In terms of mechanical complexity - Jacquard wins hands down on moving parts, but I'd still probably say that for sophistication in an engineering sense, the watch would have my vote - so many important developments, precision work, ultra fine tolerances, continuous development, materials technology, etc. etc.

    As for a watch - probably fits a 19th C definition as to compute. Both marvelous products of the industrial revolution and stimuli for a whole bunch of other technologies. I have an engineering colleague at Rolls-Royce jet engines, who makes a reasonable claim that just about every engineering technology in the 17th and 18th Century emerged from the watchmaker's workshop. I'm not sure I understand how the steam engine fits in there, but there you go :-)
    I think as engineers, we're allowed to be a bit geekish about things like that - I live near Dundee, Scotland, and they have a Jute mill museum, and there are residents old enough to tell a few tales - fascinating stuff.

  10. #40
    Registered user. David Mac Farlane's Avatar
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    Default Re: Databases - what do you use (By: MartyR)

    Quote Originally Posted by MartyR View Post
    I still don't see it, David.

    A watch doesn't process time at all - it comprises a means of "reckoning it" (as does a water clock or an hourglass or a sun dial) but then it simply displays its reckoning by means of a purely mechanical device. Are you claiming that an hourglass is a computer? Or a sun dial?

    I mean, I don't mind if you do want to call an hourglass a computer, but then I would want to argue that a flower is also a computer, and a worm, and of course the sun itself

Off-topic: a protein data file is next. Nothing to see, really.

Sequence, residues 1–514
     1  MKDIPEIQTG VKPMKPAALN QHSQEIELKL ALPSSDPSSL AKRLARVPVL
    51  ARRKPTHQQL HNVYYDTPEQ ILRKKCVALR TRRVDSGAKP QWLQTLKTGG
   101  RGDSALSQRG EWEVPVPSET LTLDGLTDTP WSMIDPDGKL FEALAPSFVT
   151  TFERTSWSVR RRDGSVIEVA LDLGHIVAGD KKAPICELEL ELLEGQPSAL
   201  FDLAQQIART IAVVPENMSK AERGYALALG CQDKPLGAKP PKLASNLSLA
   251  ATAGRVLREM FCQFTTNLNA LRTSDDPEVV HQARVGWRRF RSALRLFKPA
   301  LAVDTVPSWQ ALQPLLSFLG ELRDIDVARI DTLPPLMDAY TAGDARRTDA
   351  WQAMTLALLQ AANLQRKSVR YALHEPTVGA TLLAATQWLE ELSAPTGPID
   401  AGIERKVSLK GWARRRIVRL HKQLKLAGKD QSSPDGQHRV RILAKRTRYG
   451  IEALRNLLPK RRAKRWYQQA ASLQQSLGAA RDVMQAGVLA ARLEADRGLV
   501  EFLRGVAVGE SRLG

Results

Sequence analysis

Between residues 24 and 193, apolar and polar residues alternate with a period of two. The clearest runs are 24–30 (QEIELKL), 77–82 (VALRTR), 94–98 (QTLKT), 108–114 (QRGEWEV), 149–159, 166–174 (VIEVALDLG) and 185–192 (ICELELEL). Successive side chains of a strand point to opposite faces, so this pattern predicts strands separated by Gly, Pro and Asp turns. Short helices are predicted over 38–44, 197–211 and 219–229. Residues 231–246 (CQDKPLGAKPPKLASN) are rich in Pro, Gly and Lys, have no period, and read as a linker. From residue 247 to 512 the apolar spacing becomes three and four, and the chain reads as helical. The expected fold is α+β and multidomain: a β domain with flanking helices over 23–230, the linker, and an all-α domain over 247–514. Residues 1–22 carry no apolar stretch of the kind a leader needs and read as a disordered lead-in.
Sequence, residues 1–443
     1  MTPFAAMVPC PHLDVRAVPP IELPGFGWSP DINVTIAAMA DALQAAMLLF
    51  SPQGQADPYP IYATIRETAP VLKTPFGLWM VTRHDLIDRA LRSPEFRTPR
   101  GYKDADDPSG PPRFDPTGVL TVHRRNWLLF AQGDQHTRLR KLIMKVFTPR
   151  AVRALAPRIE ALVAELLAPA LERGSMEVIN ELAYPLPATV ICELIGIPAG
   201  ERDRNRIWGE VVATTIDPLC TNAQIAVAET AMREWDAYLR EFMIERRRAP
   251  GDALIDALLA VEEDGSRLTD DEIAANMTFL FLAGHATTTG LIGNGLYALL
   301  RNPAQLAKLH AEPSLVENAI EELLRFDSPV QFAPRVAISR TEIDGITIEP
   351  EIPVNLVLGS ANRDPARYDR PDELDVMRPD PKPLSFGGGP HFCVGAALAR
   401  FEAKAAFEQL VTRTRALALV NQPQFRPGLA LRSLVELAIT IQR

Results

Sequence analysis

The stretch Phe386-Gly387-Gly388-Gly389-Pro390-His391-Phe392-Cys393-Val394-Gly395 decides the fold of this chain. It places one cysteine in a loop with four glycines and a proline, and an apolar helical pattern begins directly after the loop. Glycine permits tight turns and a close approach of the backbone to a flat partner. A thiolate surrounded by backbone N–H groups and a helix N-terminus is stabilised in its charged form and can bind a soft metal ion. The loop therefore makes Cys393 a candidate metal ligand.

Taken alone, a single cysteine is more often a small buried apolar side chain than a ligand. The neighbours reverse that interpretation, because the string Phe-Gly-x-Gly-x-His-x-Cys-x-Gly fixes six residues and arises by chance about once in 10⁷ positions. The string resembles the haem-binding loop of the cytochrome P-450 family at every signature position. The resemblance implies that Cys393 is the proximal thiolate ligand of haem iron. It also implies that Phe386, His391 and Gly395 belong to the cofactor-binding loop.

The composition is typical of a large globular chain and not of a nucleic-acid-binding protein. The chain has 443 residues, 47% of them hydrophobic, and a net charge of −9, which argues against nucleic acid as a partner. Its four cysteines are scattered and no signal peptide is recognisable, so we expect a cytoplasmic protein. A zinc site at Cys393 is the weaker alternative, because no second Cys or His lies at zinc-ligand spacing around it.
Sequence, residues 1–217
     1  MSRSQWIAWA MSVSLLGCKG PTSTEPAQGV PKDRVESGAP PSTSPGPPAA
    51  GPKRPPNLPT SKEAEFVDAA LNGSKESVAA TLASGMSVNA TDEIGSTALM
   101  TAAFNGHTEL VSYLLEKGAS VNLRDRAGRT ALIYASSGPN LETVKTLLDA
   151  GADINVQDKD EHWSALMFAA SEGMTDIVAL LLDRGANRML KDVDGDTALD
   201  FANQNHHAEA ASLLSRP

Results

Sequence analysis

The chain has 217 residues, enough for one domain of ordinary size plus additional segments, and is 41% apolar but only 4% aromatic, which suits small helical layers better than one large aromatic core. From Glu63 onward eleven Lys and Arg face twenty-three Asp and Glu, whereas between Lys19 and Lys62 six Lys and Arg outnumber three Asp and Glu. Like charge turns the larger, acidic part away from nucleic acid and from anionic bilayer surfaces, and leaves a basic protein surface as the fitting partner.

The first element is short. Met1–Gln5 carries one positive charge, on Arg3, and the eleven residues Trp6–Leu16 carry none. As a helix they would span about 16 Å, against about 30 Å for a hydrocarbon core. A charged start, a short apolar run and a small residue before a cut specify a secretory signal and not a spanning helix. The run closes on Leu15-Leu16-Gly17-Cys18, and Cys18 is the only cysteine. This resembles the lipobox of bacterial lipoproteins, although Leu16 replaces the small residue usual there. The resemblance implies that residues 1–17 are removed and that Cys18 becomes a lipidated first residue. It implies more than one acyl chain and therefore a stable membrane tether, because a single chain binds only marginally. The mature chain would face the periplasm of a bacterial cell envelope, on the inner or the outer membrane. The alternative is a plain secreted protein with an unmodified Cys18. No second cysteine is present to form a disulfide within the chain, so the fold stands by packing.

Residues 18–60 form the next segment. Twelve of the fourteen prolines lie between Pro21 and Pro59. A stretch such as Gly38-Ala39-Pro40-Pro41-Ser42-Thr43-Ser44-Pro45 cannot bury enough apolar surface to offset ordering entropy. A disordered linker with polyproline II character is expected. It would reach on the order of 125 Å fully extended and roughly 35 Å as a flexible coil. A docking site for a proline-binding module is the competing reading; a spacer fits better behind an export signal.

I can't remember a norbit, but I only lose to Tom by a couple of years. I first wrote programs on punched cards for an IBM 1401 ... and I remember writing program amendments on a hand punch. Oh happy days
    Brilliant! And on the computer theory, an abacus doesn't do any reckoning of it's own accord, but it's still hailed as one of the early computers - I wonder about Stonehenge being some sort of sophisticated slide rule of the galaxy................

  11. #41
    Registered user. David Mac Farlane's Avatar
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    Default Re: Databases - what do you use (By: David Mac Farlane)

    Splendid observations.
    I have long been a subscriber to Model engineer's workshop, and what amazes me is the eloquence of the gentlemen who write there. Having started life in electronics/ software, I always thought, naively enough, that because we could spell better than we did in the dark ages, and this was a young science, that the electrical side of engineering would hold the literary geniuses - obviously not, and I enjoy wordy jokes as well etymological history.
    This forum has been all I expected of you wizards, and as for the chap who has only been into computers, my granddaughter (pictured in avatar) has remarkable abilities with computers, and she has only been 'into' them for 1.5 years or so. She is only six.

  12. #42
    Registered user. Britannicus's Avatar
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    Default Re: Databases - what do you use (By: David Mac Farlane)

    Quote Originally Posted by David Mac Farlane View Post
    Brilliant! And on the computer theory, an abacus doesn't do any reckoning of it's own accord, but it's still hailed as one of the early computers - I wonder about Stonehenge being some sort of sophisticated slide rule of the galaxy................
    Now don't get me started about the function of Stonehenge ! - Archaeology enthusiast as well :-)

    As for Semantics - I guess it's all depends on how you define Semantics LoL !

  13. #43

    Default Re: Databases - what do you use (By: novicetimekeeper)

    Hi, I agree with this statement,
    an abacus doesn't do any reckoning of its own accord, but it's still hailed as one of the early computers
    An Abacus has variable inputs to get variable results, whereas a Pocket Watch does not have variable inputs and shows the correct time (if you are lucky).

  14. #44
    Registered user. ANDY YALE's Avatar
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    Default Re: Databases - what do you use (By: Tom McIntyre)

    I use a journal ruled cash ledger . I write the info in with a fountain pen. It will never crash, or lose data, I can find stuff quickly and it has a nice old timey look that matches the watches better than a computer screen.

  15. #45

    Default Re: Databases - what do you use (By: MartyR)

    Hi Andy, I am stunned, I just looked on the well known auction site and you can still purchase a journal ruled cash ledger. Regards Ray